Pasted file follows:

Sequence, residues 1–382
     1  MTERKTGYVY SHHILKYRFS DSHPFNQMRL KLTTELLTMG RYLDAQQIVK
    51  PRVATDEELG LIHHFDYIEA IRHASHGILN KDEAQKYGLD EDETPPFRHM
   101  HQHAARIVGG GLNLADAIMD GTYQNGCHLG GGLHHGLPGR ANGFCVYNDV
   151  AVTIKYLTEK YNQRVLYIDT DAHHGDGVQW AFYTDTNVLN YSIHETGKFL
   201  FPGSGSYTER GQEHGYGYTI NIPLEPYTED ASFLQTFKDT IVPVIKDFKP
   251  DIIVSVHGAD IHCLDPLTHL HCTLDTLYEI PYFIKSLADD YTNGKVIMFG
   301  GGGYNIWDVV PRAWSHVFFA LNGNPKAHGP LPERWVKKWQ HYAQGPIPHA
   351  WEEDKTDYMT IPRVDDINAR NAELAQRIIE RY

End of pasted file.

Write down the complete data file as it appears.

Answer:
Sequence, residues 1–382
     1  MTERKTGYVY SHHILKYRFS DSHPFNQMRL KLTTELLTMG RYLDAQQIVK
    51  PRVATDEELG LIHHFDYIEA IRHASHGILN KDEAQKYGLD EDETPPFRHM
   101  HQHAARIVGG GLNLADAIMD GTYQNGCHLG GGLHHGLPGR ANGFCVYNDV
   151  AVTIKYLTEK YNQRVLYIDT DAHHGDGVQW AFYTDTNVLN YSIHETGKFL
   201  FPGSGSYTER GQEHGYGYTI NIPLEPYTED ASFLQTFKDT IVPVIKDFKP
   251  DIIVSVHGAD IHCLDPLTHL HCTLDTLYEI PYFIKSLADD YTNGKVIMFG
   301  GGGYNIWDVV PRAWSHVFFA LNGNPKAHGP LPERWVKKWQ HYAQGPIPHA
   351  WEEDKTDYMT IPRVDDINAR NAELAQRIIE RY